Raising awareness for Texas conservation

Lloyd+Lietz+speaks+about+beekeeping+to+Edd+Robinett%2C+Bob+McCormick%2C+and+Bob+Wood+at+The+Prairie+Oaks+Master+Naturalists+Nature+Fest+in+2019.

Photo Courtesy of Prairie Oaks Chapter of Texas Master Naturalists

Lloyd Lietz speaks about beekeeping to Edd Robinett, Bob McCormick, and Bob Wood at The Prairie Oaks Master Naturalists Nature Fest in 2019.

The Prairie Oaks Texas Master Naturalist Chapter is a collegiate chapter of Texas Master Naturalists. Members include both community members and students from Tarleton State University, and Stephenville, Texas.

“Texas Master Naturalist is a statewide program, their mission is to train volunteers to go out into the community to do outreach, education and service,” President of the Prairie Oaks Master Naturalist Chapter, Karen Aho, said.

The Texas Master Naturalist program, consists of 48 chapters located across the state. Their main goal is to develop a corps of well-informed citizen volunteers, through education, outreach and service. Texas Master Naturalists play a key role in advocating for the beneficial management of natural resources and natural areas within their communities throughout Texas.

The Prairie Oaks Master Naturalist Chapter is open to the Stephenville community to join as well as Tarleton students.

Students have the additional option to register for the course as one of their electives or special topics.

The course is offered in the spring as WSES 3387 for undergraduates. The official course name is Conservation, Outreach and Interpretation. Students getting their masters can also register for the course at WSES 5090, which can be one of their special topics.

“We currently have a few major projects we have been working on for a few years which was presented by a WSES graduate student, Seth Hamby. The first is the Bosque Nature Center which is along the Bosque river. We have a pollinator garden as well as a prairie,” Aho said.

The Bosque Nature Center has many aspects to it. The pollinator garden is at certain points of the year the main focal point because of its beautiful flowers.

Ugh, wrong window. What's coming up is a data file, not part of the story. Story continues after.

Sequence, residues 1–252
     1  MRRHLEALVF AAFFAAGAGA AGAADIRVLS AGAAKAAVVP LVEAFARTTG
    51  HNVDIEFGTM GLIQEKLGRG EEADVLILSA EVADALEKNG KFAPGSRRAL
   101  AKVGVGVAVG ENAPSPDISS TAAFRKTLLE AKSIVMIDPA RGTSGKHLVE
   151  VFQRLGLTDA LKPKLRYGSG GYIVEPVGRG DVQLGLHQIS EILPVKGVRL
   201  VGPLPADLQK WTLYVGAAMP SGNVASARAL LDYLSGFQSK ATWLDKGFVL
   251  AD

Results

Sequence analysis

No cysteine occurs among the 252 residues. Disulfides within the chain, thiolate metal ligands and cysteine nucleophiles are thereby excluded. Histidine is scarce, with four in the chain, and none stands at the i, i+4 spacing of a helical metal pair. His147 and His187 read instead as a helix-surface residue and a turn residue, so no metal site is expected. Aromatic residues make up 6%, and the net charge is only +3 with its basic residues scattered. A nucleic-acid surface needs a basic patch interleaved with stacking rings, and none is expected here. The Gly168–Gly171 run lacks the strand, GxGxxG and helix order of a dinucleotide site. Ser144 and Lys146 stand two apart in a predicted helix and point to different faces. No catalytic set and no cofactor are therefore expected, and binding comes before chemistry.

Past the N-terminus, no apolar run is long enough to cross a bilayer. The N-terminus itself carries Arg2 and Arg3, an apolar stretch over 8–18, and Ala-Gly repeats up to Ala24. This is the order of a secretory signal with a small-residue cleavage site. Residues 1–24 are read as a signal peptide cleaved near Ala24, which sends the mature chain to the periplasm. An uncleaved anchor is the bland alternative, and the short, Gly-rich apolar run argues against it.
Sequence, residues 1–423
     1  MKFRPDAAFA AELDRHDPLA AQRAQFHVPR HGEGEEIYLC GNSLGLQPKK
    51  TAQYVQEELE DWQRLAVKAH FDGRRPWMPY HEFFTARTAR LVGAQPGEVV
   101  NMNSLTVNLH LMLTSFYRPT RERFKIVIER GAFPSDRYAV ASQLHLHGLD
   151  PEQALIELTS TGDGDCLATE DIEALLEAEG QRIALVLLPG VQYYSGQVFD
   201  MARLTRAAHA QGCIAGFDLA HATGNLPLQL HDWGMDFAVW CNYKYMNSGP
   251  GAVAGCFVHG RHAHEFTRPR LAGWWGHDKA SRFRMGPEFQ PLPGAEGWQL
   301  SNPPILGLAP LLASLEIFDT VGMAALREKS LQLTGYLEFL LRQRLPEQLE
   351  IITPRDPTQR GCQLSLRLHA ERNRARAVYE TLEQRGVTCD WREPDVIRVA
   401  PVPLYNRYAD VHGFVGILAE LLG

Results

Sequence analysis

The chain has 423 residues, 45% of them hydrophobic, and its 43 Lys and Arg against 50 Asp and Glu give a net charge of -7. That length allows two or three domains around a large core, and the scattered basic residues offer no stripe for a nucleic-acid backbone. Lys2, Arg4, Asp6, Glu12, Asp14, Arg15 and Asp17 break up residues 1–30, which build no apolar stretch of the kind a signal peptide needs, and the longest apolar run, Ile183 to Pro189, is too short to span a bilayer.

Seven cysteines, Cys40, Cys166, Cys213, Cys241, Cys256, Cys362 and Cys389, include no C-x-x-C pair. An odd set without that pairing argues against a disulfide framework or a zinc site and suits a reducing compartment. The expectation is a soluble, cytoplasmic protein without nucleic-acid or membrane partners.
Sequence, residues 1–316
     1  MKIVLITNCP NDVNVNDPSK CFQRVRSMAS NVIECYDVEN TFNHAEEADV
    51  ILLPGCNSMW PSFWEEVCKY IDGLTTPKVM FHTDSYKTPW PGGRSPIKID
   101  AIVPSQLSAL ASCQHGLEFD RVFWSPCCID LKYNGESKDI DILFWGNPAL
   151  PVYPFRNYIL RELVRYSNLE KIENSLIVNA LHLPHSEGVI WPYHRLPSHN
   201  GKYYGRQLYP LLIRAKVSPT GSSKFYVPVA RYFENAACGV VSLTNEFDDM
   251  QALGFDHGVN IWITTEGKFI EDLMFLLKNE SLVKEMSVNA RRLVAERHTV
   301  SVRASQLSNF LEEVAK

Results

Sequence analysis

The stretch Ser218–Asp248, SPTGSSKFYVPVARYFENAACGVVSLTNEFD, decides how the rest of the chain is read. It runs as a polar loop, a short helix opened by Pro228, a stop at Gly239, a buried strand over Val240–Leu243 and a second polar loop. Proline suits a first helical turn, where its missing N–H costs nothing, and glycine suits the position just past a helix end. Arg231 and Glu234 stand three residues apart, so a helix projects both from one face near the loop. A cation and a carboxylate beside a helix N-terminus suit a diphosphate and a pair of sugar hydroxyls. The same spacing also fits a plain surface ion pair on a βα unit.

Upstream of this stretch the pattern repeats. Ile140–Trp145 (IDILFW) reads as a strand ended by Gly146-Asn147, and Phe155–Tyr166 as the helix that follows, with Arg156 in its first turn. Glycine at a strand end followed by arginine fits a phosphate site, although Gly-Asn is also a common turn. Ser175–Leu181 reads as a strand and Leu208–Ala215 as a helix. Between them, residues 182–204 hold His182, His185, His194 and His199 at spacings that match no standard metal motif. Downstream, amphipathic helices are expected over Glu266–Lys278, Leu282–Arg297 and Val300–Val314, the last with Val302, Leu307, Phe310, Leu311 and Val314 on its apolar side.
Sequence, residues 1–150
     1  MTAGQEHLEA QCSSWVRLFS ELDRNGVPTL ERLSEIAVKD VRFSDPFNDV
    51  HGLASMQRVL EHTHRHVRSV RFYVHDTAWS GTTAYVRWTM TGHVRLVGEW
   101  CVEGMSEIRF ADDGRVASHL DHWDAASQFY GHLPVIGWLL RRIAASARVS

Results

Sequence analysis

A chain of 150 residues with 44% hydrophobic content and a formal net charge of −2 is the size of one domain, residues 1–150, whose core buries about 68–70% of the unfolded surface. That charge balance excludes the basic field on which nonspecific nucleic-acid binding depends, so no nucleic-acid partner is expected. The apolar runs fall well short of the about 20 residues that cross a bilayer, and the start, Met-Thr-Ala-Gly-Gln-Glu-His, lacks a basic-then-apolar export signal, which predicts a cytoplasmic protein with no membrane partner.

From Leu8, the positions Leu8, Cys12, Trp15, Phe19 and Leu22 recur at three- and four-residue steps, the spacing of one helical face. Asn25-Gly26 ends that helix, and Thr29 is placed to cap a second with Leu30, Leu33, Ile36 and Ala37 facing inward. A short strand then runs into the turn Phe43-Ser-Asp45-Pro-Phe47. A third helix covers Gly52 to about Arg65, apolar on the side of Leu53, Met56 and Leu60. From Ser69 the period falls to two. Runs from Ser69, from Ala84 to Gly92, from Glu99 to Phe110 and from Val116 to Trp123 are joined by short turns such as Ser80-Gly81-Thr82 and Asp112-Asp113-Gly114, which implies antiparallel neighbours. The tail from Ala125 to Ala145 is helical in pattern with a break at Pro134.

“We have a greater vision for the area,” Aho said.

They have had a little bit of trouble through the years of keeping the invasive plants, like Bermuda grass, out of their prairie. With a partnership with Tarleton State University they just received a grant to plant more native grasses.

“Two weeks ago, we had a big workday where members and Tarleton students came out and planted native shrubs and trees along the Bosque River Trail,” Aho said.

The hope is that these trees will provide more bird habitats. In the long-term, they hope to build a teaching gazebo to have a better space to teach various groups of the community, as well as bird blind area.

“The bird blind area will help folks be a little bit farther, behind the blind, this will help people see the birds in the trees that we just planted,” Aho said.

Master Naturalists are also expected to pursue a minimum of eight hours of advanced training in areas of personal interest and are encouraged to develop personal projects connecting to the mission of the chapter and statewide program.

To maintain their certification, volunteers are asked to provide 40 hours of service a year in community education, demonstration and habitat enhancement projects.

“We have approximately 50 members currently. Students go through the class sometimes and then either move or cannot come so they drop out, but the great thing is that they can rejoin at any point and since they already completed their class all they have to do is maintain their eight-hour advanced trainings,” Aho said.

Members can volunteer depending on what they are passionate about and where they are located. The Prairie Oaks Chapter covers four counties, Erath, Comanche, Hamilton and Palo Pinto.

The Prairie Oaks Chapter members go out to the Bosque Nature Center once a week maintaining the pollinator garden by pulling weeds or planting new native plants.

The Texas Master Naturalist program is sponsored by the Texas Parks and Wildlife Department and the Texas A&M AgriLife Extension Service. Their monthly meetings are on the third Thursday of the month at the Texas A&M AgriLife Research & Extension Center at 1229 N. US Hwy 281, in Stephenville. Meetings are open to the public. A business portion begins at 6 p.m. followed by an hour-long presentation by a guest speaker. You can visit their website to find out who the speaker will be at www.txmn.org/prairieoaks.

Even if you are not a part of the Prairie Oaks Chapter you can still participate in their workdays. They post to their Facebook and website about their workdays. People can also get in contact with the President at [email protected] tarleton.edu.